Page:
A review of "The Urban Image of Late Antique Constantinople" by Sarah Bassett. 'Although Constantinople was the most important city of the medieval Mediterranean, scholars are poorly informed about its physical fabric.'
The earliest surviving representation of the city post-conquest, and the first of several very similar bird's-eye depictions from the Uskudar (Asian) shore. Possibly itself based on a lost Giovanni Bellini map from 1480, just before Mehmet II's death.
 Constantinopel des Griechischen Keyserthumbs Hauptstatt, im Lande Thracia am Meere Gelegen Sebastian Münster
Published as part of a compendium of 546 views of the world's greatest cities, it's hard not to see this map as entirely lifted from Münster's woodcut produced 25 years earlier, with the addition of Suleiman looking Magnificent at the bottom.
 Plan de Constantinople F. Kauffer, I. B. Lechevalier
The known features of the Hebdomon ('the seventh', an area seven Roman miles from the Milion), most of which have disappeared entirely over the last century, from Demangel, R. (1945), 'Contribution a la Topographie de L’Hebdomon'.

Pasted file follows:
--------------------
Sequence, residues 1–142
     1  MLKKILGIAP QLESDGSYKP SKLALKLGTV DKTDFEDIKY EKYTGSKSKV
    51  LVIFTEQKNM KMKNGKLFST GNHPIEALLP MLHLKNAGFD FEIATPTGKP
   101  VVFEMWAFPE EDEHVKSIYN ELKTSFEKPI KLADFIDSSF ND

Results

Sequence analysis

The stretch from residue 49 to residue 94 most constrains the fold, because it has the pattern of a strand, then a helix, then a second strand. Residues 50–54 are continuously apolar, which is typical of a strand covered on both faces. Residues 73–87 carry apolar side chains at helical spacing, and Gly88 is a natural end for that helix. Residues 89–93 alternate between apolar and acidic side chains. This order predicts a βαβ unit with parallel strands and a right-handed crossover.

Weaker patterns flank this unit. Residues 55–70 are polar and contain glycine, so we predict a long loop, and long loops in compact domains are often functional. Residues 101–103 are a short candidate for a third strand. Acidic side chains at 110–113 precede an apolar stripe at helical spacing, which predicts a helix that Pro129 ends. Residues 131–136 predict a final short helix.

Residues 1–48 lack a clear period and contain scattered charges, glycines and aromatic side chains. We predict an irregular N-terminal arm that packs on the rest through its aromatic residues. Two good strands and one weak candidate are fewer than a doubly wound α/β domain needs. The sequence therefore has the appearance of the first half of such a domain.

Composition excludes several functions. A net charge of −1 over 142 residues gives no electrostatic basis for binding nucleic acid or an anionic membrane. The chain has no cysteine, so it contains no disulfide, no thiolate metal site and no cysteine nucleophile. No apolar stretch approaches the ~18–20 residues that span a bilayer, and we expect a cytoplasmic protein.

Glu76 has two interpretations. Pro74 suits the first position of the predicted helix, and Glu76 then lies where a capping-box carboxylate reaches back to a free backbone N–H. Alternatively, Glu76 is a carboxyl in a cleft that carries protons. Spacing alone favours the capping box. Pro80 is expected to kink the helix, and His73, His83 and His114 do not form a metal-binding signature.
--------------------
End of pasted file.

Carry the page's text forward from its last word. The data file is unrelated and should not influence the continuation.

Istanbul, Area around the Mangana Wolfgang Müeller-Wiener
The one and only podcast coursing the millenium-long survival, near-collapse, semi-comeback and eventual eclipse of the Ῥωμαῖοι. Thankfully it's exceptional. Thoughtfully narrated, its half-hour segments combine an imperial narrative with social and economic history asides, source discussion and interviews with prominent Byzantine historians.
 Mehmed the Conqueror and the Equestrian Statue of the Augustaion J. Raby
'We know precious little about the medieval city of Constantinople —that is, not the Late Antique city built by Constantine, Theodosius, and Justinian, with which we are more familiar, but the city into which it evolved following the Dark Ages of the seventh to ninth centuries.'
 Streets and Public Spaces in Constantinople Albrecht Berger
The BBC's 'Ancient Invisible Cities' series applied 3D imaging technology to some of the greatest historical monuments from Cairo, Athens and Istanbul. While not revealing anything new, the Istanbul episode nonetheless provided this interactive 3D render of the city above, around and inside Hagia Sophia.